Legendary Women of Poetry March 31st 2012   1 comment

Portrait of Edna St. Vincent Millay (1933-01-14)

Portrait of Edna St. Vincent Millay (1933-01-14) (Photo credit: Wikipedia)

On March 31st the Free Poets’ Collective organized their second Legendary Women Poets event, this time at the Forbes Library inNorthamptonMassachusetts. I was honored to be again included in the list of readers, this time focusing on Edna St. Vincent Millay.


Northamptonis the home ofSmithCollege, aMeccaof sorts for female poets, as it’s the Alma Mater of Sylvia Plath. The Forbes Library is surrounded by coffee shops, bars, art galleries and theaters. There are trendy shops including the impressively named Sid Vintage, a store featuring (what else?) vintage clothes. In addition to my reading of Millay, Ms. Plath’s works were also included in the event, as well as Lucille Clifton and others, including poets fromRussiaandSpain.


I love working with the Free Poets Collective, Colin, Yvon, and Andrea bring a great energy to every reading they organize. You can tell they’re truly passionate about the written word, and I always come away both entertained and enlightened.


For this reading, I decided to do something a little different. In addition to poetry, Millay wrote short stories and plays as well. One of her plays, Conversation at Midnight, was first written during the time Millay’s house burnt down. She lost the whole manuscript, and resolved to rewrite the entire thing from memory. It’s a great story, and an inspiration for me whenever a computer crashes or a flash drive goes missing. I happen to have a third edition copy of Conversation at Midnight, vellum wrapped and encased in a baby blue gift box. It’s one of my prized possessions, and I’ll take every opportunity to take it out and show it off. So, instead of reading her poetry, I read excerpts from her play instead.


After reading from the play, I shared with the audience two of my poems inspired by Millay. “We Were Very Tired” is inspired by Millay’s poem, “Recuerdo”:




We were very tired, we were very merry–
We had gone back and forth all night on the ferry.
It was bare and bright, and smelled like a stable–
But we looked into a fire, we leaned across a table,
We lay on the hill-top underneath the moon;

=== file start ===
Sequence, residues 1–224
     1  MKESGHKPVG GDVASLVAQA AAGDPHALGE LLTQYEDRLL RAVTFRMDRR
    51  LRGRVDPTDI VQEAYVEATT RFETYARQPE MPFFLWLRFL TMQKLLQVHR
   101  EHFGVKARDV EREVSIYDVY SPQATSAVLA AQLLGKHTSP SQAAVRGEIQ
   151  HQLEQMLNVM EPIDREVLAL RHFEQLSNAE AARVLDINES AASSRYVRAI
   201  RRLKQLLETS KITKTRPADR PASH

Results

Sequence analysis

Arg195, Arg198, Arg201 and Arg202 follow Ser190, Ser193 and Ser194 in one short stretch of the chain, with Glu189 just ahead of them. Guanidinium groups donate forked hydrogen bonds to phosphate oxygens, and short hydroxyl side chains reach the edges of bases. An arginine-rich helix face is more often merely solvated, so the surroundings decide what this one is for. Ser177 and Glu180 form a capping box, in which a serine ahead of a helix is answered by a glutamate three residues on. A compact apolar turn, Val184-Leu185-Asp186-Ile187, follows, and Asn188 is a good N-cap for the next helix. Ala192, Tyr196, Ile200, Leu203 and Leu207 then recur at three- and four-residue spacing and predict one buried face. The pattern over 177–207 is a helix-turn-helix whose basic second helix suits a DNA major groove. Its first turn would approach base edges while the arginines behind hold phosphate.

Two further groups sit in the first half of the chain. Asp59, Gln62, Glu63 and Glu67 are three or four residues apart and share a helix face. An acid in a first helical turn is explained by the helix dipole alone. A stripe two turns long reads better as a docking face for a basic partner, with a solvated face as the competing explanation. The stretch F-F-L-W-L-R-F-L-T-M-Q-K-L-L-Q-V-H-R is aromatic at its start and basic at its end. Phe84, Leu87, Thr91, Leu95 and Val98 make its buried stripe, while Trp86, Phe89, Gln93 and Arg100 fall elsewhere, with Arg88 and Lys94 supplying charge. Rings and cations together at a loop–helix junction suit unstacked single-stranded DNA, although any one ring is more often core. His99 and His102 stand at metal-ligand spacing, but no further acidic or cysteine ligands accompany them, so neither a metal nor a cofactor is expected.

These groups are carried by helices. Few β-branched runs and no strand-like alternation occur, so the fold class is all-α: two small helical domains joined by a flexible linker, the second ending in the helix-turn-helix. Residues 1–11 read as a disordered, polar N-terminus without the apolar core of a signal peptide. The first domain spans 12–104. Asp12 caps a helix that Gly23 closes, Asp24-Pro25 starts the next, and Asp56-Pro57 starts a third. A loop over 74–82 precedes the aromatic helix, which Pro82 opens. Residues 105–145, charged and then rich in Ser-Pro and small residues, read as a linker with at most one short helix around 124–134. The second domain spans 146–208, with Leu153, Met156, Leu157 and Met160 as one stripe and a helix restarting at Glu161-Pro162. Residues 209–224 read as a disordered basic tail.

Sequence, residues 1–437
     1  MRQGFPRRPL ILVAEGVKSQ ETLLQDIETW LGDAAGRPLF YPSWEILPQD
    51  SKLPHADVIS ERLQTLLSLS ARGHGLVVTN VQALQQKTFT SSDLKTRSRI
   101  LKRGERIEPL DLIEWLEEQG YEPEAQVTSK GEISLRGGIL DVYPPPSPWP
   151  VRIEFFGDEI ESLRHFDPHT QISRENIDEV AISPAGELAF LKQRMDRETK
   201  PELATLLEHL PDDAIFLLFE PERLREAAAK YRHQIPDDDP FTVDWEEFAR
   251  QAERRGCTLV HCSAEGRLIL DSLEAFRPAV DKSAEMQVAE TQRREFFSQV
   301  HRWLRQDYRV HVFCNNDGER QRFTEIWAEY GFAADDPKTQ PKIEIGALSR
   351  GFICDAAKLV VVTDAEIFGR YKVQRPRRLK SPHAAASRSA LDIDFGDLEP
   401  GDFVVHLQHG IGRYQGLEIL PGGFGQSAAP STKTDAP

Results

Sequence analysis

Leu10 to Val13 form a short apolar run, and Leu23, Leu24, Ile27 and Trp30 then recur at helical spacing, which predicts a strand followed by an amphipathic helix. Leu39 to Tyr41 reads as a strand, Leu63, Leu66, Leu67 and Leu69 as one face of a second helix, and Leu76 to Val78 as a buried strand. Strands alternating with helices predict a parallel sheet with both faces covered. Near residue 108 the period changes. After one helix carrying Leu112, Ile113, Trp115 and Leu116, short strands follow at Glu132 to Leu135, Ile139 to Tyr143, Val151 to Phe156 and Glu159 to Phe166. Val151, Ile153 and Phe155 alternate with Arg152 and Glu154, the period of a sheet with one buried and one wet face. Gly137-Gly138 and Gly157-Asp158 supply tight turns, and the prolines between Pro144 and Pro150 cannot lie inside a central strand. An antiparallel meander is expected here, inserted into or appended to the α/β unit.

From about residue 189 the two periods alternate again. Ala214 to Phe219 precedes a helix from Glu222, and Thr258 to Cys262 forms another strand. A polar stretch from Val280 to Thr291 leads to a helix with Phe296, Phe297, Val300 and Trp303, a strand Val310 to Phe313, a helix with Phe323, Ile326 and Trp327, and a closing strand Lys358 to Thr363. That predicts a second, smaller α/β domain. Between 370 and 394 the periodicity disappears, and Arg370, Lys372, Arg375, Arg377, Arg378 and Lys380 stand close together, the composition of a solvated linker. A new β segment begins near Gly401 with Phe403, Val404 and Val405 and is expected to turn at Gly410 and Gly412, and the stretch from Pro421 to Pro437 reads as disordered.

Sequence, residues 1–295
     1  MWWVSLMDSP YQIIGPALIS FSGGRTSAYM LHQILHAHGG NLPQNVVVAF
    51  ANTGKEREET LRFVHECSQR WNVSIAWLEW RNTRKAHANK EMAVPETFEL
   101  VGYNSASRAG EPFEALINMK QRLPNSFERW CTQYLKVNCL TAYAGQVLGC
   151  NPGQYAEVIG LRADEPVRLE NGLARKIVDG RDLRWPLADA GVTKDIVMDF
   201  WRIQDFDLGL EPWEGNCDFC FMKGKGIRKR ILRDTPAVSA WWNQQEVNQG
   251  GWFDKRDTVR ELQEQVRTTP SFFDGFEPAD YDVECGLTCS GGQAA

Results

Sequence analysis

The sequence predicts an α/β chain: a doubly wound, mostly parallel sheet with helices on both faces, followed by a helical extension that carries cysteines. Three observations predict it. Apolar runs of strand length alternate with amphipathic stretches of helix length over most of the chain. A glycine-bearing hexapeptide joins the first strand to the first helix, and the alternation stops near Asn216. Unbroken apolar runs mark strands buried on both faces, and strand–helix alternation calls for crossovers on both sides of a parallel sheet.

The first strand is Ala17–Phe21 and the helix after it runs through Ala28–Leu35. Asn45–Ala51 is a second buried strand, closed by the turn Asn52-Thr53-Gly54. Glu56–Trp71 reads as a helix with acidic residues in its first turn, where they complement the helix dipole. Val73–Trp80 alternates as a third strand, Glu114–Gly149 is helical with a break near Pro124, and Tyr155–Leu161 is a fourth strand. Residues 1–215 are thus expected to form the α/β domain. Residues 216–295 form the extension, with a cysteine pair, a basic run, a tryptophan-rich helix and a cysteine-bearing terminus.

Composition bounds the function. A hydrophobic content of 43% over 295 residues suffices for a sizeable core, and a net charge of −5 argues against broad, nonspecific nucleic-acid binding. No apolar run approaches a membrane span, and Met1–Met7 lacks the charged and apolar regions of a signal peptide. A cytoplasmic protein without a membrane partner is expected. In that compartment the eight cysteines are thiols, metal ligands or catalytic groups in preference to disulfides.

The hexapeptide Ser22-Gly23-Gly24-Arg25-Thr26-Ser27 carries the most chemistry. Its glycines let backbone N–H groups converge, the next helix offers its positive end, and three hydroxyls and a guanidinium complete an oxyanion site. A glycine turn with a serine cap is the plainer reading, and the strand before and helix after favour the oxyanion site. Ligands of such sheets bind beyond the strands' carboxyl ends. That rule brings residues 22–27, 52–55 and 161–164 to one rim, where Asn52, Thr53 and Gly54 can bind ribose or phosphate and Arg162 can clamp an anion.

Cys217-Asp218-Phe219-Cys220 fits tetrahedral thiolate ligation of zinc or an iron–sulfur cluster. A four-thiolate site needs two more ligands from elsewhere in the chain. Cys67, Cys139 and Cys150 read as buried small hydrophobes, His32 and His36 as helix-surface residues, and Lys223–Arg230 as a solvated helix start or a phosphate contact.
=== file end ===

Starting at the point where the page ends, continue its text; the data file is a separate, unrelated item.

And the whistles kept blowing, and the dawn came soon.

We were very tired, we were very merry–
We had gone back and forth all night on the ferry;
And you ate an apple, and I ate a pear,
From a dozen of each we had bought somewhere;
And the sky went wan, and the wind came cold,
And the sun rose dripping, a bucketful of gold.

We were very tired, we were very merry,
We had gone back and forth all night on the ferry.
We hailed, “Good morrow, mother!” to a shawlcovered head,
And bought a morning paper, which neither of us read;
And she wept, “God bless you!” for the apples and the pears,
And we gave her all our money but our subway fares.



My poem is one of the poems in the second part of my book, Melons and Memory:


We Were Very Tired

We were very tired,
We were very hungry
We went through the drive thru
Without a lot of money

In the car we smelt the smell of the consignment shops
We’d bought pants for the boys and for Sissy frilly tops

We were very tired,
We were very hungry
We went through the drive thru
Without a lot of money

The windows were all rolled up, to keep out rain and wind
The sound of Ella Elephant singing scat blasting from within

We were very tired
We were very hungry
We went through the drive thru
Without a lot of money

The window girl cried Lord Bless You! For the nickels and the dimes
As we asked for no ketchup, extra napkins half a dozen times.




The second poem was inspired not by Millay’s work, but by her life. Her mother, Cora, reportedly would put Edna or her sisters in a scalding hot bath or forced them to ride bareback whenever she feared they might be pregnant as young women. Very competitive with her daughters for men and fame, Cora feared ever becoming a grandmother, and worked hard to prevent it by any means necessary. This poem was published in 2010 by Snow Monkey.




After the readings there was a brief open mic period, in which my good friend Michelle read the poem I-95 from the same section of Melons and Memory.

It was a great day and well worth the hour and forty minute drive. I look forward to working with the Collective again in the future!


You can watch videos of this and other events I’ve read at on my Youtube channel, MsPetersonReads:




One response to “Legendary Women of Poetry March 31st 2012

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  1. I have always loved Millay. I find myself thinking about how I started getting into her. It was at a bar one night when the bartender and I were quoting poems to each other… But I think I’ll write about it in verse if I can. 🙂 Thanks for the inspiration! “Ricuerdo” is one of my very favorites by her, and your spin off is delightful.

    I’m happy to have found this blog of yours. Heading toward your YouTube channel next.

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